AfghanGirlMajidSaeediGettyImages

Suzanne Lenzer cultivates eating alone:

It goes without saying that eating is nurturing. Our first food comes straight from our mother’s body and for most of us our formative years of eating are shared experiences with those closest to us. Later we share meals with friends, or partners, but for many if not most of us, eating alone is relegated to home or a quick bite somewhere anonymous, where it’s less about the experience than sustenance. Especially, it seems, for women. Independence and self-sufficiency aside, an anecdotal study of just a handful of my friends reveals that women still don’t eat out alone at restaurants with a sense of security, and it’s a shame. Because learning to enjoy a meal out with only your own company or that of a good book is an empowering experience, one that offers an opportunity to nourish both the body and the mind.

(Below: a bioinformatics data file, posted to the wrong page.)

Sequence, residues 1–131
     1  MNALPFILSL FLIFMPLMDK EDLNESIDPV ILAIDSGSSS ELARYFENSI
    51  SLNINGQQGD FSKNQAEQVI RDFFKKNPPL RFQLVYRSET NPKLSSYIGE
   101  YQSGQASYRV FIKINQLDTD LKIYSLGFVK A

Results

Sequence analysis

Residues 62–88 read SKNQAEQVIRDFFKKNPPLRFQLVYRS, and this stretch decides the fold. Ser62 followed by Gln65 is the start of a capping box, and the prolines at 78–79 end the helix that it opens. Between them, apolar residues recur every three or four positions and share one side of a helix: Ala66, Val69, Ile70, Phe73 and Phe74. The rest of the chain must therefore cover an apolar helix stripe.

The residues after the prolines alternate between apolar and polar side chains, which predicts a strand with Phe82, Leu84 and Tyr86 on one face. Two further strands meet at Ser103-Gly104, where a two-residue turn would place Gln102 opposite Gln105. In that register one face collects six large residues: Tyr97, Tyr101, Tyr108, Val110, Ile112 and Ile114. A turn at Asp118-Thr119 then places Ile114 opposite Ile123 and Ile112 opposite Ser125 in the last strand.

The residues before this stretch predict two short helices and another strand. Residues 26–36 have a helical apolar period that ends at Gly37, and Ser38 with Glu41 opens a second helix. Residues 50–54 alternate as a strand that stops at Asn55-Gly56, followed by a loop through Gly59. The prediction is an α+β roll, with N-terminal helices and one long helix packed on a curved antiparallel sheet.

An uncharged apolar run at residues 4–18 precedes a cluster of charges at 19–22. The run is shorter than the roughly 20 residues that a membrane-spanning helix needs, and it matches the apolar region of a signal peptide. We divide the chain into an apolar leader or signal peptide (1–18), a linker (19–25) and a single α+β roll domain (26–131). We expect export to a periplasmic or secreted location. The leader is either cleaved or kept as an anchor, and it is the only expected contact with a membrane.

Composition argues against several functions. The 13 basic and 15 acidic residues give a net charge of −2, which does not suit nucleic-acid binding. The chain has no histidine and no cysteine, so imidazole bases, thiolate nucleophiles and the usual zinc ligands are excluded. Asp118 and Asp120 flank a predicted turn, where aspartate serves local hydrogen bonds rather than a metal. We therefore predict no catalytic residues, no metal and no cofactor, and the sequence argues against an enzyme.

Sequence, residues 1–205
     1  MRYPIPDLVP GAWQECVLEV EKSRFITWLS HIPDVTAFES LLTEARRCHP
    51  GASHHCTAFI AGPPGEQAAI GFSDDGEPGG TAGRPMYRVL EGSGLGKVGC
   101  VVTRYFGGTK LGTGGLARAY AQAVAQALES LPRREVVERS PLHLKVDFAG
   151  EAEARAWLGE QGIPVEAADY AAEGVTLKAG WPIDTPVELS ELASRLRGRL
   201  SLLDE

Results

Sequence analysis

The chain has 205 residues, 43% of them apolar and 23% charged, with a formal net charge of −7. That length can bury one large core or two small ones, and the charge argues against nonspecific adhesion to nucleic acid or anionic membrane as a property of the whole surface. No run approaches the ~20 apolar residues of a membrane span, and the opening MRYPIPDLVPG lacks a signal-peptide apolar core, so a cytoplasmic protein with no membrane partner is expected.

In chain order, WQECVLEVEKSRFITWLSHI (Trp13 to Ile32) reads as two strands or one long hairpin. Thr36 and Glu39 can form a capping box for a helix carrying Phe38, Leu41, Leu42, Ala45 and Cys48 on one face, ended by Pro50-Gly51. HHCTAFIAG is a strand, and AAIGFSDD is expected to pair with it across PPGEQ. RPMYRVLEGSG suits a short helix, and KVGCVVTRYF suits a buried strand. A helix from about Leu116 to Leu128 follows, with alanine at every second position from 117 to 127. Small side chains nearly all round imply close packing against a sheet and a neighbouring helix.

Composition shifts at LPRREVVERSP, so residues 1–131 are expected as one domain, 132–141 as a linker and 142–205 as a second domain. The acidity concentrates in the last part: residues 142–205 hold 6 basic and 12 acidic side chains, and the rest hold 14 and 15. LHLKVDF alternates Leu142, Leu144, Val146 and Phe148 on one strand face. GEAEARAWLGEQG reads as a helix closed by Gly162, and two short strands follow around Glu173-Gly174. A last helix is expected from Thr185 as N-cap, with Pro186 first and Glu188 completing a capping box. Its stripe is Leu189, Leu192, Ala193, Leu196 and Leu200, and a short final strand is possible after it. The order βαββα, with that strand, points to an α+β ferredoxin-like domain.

(Image: An Afghan girl. By Majid Saeedi/Getty Images)

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